It has never ceased to be a thrill to be sent new books by publishers. Sometimes they’re a surprise gift in the post, other times I have chosen them myself from a kind email offering me a selection of new titles. Either way, it’s a joy to be given copies of books I probably wouldn’t have come across by myself, and that encourage me to step outside of my comfort zone and try something new. This year alone I have been introduced to Matthew Quick, Elizabeth Goudge, Jonathan Smith, Anna Hope…the list could go on. I probably would never have got around to reading their work if left to my own devices, and I am incredibly glad that they were delivered to my door to demonstrate the rich and varied range of literary voices available to me. As someone who has always maintained that modern novels are largely a waste of time, sometimes it’s good to be proved wrong. (Don’t quote me on that.)
Very recently, I was pleased to be offered a copy of Joshua Ferris’ new novel, To Rise Again at a Decent Hour, by Penguin. A work friend had recommended his first novel, And Then We Came to The End, as he knows how much I hate the ridiculousness of working life, and while I added it to my Amazon wishlist, I never actually got around to reading it. I was excited to try Ferris’ writing style and hoped that I would really enjoy it, giving me the impetus to read his other work. The front cover is bright and fun; a great piece of design and suggestive of a similarly peppy content. The premise sounded intriguing; a depressed Manhattan dentist whose life gets railroaded by someone stealing his online identity and proselytising about a heretofore unknown race of oppressed peoples, leading him on an interesting journey to discovering the secrets of his soul. So far, so good. Not my usual cup of tea, but certainly an inventive take on the absurdities of modern life. I opened it up, keen to get started and immerse myself in the world of Joshua Ferris. By the time I got to the end, however, I wished I’d never begun.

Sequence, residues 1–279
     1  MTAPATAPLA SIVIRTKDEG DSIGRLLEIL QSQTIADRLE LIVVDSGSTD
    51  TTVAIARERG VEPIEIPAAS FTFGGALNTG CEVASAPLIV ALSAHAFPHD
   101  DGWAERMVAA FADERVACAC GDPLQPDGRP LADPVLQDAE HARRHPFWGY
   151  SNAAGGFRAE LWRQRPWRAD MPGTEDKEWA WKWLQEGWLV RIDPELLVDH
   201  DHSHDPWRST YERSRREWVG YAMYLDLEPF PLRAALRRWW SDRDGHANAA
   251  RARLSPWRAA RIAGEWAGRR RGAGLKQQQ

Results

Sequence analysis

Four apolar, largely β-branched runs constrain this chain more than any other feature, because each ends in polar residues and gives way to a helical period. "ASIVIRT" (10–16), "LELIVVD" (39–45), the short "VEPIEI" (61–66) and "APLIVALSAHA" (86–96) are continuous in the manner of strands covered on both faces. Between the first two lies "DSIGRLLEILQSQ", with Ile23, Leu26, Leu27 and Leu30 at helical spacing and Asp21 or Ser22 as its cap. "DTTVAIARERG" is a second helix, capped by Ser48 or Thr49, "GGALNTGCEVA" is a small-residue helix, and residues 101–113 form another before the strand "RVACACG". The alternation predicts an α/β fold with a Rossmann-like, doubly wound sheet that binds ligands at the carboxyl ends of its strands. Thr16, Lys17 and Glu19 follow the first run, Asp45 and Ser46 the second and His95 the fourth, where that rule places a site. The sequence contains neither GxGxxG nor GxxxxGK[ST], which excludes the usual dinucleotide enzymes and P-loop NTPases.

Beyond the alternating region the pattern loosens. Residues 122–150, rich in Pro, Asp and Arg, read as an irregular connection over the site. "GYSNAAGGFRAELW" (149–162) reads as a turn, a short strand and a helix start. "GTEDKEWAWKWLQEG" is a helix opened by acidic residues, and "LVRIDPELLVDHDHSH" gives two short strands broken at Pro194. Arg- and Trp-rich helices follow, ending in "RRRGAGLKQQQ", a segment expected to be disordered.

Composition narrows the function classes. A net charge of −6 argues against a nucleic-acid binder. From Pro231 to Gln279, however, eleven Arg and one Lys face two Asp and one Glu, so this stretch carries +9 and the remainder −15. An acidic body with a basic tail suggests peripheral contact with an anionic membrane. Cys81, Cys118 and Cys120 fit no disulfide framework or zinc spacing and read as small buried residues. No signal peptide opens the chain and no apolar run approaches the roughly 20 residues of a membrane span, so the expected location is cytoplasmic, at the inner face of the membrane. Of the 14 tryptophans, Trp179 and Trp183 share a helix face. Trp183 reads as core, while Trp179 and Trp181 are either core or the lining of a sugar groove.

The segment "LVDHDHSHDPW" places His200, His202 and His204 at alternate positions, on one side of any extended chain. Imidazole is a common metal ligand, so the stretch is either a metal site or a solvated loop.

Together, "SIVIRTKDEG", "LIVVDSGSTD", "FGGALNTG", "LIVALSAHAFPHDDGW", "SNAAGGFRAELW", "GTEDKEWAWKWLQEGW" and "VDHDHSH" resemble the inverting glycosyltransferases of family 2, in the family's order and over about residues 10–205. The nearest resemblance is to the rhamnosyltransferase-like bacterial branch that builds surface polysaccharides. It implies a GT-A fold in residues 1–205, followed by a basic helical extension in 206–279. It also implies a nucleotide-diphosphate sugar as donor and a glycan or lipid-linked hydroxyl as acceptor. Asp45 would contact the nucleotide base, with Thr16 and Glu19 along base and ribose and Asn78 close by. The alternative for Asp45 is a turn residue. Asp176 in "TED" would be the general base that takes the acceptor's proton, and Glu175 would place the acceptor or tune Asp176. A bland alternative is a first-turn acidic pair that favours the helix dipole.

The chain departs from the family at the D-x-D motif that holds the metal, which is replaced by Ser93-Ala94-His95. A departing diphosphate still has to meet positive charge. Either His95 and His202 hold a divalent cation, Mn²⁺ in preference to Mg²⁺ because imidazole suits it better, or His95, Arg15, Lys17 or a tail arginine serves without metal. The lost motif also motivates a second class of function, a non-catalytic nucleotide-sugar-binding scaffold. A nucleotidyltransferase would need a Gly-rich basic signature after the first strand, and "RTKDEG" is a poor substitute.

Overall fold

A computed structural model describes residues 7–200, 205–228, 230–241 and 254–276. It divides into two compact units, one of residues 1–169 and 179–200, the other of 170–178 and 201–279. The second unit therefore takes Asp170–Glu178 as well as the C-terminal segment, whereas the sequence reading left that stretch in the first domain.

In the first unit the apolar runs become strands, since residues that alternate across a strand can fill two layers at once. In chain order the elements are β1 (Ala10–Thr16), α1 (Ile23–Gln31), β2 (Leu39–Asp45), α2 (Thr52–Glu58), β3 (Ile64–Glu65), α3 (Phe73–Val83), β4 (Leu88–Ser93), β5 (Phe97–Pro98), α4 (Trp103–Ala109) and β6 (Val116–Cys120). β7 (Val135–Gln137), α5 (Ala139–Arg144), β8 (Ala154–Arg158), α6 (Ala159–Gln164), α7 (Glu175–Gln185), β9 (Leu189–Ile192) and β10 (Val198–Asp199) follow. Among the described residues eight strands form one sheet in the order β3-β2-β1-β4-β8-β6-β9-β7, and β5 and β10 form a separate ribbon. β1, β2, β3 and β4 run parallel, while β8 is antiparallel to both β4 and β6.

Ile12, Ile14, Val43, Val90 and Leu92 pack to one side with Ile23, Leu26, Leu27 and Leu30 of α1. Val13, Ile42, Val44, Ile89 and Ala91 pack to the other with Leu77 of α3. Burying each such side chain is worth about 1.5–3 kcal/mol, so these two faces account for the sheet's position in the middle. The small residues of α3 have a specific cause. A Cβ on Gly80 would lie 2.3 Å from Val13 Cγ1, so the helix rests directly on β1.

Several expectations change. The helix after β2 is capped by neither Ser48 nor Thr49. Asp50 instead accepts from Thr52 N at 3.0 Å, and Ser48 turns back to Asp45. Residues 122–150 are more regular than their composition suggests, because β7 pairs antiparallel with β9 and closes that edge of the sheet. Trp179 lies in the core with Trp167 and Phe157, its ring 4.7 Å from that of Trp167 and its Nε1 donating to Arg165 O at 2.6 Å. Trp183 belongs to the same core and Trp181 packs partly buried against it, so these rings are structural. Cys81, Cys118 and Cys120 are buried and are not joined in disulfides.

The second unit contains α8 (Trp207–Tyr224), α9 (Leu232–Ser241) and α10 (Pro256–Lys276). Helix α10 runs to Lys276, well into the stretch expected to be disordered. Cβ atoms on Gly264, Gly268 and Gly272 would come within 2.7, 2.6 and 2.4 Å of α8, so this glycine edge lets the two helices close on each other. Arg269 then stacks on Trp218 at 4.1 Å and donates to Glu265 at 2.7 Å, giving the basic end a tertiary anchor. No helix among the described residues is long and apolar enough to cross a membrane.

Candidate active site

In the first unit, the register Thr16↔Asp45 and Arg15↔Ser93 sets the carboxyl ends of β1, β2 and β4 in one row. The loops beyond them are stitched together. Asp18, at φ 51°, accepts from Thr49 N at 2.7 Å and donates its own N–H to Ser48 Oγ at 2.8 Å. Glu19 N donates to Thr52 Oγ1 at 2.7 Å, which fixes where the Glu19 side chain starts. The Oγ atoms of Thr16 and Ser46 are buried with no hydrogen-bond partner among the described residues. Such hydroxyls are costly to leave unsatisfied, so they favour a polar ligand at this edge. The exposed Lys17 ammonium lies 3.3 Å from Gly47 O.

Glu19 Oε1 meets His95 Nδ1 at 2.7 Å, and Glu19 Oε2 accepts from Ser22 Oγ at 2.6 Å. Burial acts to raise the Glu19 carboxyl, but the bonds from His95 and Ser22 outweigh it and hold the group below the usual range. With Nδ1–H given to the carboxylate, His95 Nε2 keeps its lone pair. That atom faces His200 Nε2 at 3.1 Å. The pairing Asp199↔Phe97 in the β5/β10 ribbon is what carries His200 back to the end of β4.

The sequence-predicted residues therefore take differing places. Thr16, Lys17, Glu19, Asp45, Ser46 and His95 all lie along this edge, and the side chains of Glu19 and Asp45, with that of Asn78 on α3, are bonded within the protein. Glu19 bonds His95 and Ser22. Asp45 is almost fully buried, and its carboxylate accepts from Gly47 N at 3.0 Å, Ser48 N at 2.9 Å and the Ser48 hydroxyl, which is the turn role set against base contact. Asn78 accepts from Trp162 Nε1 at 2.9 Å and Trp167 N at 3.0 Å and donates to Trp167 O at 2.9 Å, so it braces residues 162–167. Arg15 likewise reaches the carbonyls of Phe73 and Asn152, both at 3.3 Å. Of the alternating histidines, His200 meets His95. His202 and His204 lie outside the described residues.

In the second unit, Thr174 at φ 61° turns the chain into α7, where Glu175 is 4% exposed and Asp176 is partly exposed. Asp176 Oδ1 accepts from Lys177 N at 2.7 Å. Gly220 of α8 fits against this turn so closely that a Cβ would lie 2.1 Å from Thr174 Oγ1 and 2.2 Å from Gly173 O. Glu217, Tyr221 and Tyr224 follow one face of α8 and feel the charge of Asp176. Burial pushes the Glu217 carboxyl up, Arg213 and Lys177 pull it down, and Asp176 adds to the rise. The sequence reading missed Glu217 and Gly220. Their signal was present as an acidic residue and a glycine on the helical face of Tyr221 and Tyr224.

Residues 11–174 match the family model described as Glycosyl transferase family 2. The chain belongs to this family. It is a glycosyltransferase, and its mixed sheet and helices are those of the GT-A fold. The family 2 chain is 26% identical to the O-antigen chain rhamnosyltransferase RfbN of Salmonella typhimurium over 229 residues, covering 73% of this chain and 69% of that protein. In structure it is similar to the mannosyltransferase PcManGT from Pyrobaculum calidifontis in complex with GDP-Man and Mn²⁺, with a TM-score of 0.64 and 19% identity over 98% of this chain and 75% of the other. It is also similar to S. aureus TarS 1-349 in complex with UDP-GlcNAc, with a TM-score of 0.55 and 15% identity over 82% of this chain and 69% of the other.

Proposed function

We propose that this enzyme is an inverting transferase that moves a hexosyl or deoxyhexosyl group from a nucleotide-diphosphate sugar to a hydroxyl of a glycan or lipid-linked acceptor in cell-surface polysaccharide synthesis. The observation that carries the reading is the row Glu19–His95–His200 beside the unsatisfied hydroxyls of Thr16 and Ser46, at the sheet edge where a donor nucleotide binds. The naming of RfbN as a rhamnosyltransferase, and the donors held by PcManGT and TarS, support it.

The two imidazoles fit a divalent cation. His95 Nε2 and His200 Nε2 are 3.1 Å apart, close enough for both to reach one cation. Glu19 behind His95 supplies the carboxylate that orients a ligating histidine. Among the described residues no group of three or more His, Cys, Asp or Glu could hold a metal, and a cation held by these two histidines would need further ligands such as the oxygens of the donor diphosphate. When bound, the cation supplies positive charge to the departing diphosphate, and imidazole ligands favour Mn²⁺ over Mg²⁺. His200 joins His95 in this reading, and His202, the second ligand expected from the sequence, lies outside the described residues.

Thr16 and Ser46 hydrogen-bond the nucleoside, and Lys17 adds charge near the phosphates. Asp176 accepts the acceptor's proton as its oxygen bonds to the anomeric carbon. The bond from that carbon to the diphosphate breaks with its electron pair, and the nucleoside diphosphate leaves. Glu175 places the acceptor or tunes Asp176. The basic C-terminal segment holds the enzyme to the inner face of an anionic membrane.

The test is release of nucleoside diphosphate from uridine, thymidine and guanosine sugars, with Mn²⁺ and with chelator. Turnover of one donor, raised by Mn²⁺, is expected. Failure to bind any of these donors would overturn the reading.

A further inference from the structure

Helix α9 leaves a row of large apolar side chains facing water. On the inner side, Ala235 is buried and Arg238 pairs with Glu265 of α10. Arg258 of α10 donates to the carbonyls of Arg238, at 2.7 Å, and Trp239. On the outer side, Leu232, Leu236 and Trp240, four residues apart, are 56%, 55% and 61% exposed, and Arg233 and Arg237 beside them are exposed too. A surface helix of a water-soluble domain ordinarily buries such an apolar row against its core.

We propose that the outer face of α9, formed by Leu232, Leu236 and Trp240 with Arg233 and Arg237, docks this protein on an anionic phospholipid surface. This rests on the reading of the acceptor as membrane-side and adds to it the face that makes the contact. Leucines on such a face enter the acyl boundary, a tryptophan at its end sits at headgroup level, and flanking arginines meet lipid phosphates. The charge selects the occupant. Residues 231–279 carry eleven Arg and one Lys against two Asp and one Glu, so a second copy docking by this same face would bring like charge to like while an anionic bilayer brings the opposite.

There were elements that I found interesting and compelling. The main character, Paul, is endearing, despite his self centred and socially incompetent behaviour, and he is brought to life through his realistic and thoughtful portrayal. The concept of a forgotten people, the Ulms, descendants of an ancient Biblical tribe and victims of centuries of oppression, the discovery of which can offer its members a sense of belonging in an increasingly isolated world, is cleverly and convincingly realised. Ferris makes frequent pertinent insights into our modern society that had me smiling and nodding in agreement, though he’s certainly not the first or best at exploring our growing dependence on technology that has led to a decline in our ability to communicate effectively with one another and engage fully in the world around us. The strength of the novel is in its unusual and intellectually demanding plot; I did enjoy the notion of the central idea and the challenge of having to really wrestle with the content in order to understand and appreciate the message Ferris was attempting to convey.
However, unfortunately, most of the book reads like a bad Woody Allen film. There are pages and pages of self indulgent waffle that overwhelm the elements of brilliance. I couldn’t help but feel there was a certain element of arrogance in believing that anyone would want to read four page long treatises on the experience of watching someone tie their hair up into a scrunchie. Yes, really. Despite its clever and thoughtful exploration of the search for meaning and value in our increasingly community-less and God-less world, it is too mired in excessive pseudo intellectual ramblings to be an enjoyable, inspiring and meaningful reading experience. Reading this was akin to being forced to listen to over educated and underemployed twenty-somethings deliberating over their first world problems in a cocktail bar with bare light bulbs and deliberately mismatching wooden chairs. Unless you’re a hipster who spends more time in your own navel than in reality, I doubt you’ll find much to enjoy in this book. It’s a shame, because Joshua Ferris can write. He just needs to find something worth writing about next time.